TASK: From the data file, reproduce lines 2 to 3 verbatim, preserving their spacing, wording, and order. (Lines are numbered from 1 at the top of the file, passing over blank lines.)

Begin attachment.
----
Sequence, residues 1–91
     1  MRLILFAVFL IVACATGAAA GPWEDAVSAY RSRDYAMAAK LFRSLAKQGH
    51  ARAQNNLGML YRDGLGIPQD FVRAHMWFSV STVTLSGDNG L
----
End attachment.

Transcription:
     1  MRLILFAVFL IVACATGAAA GPWEDAVSAY RSRDYAMAAK LFRSLAKQGH
    51  ARAQNNLGML YRDGLGIPQD FVRAHMWFSV STVTLSGDNG L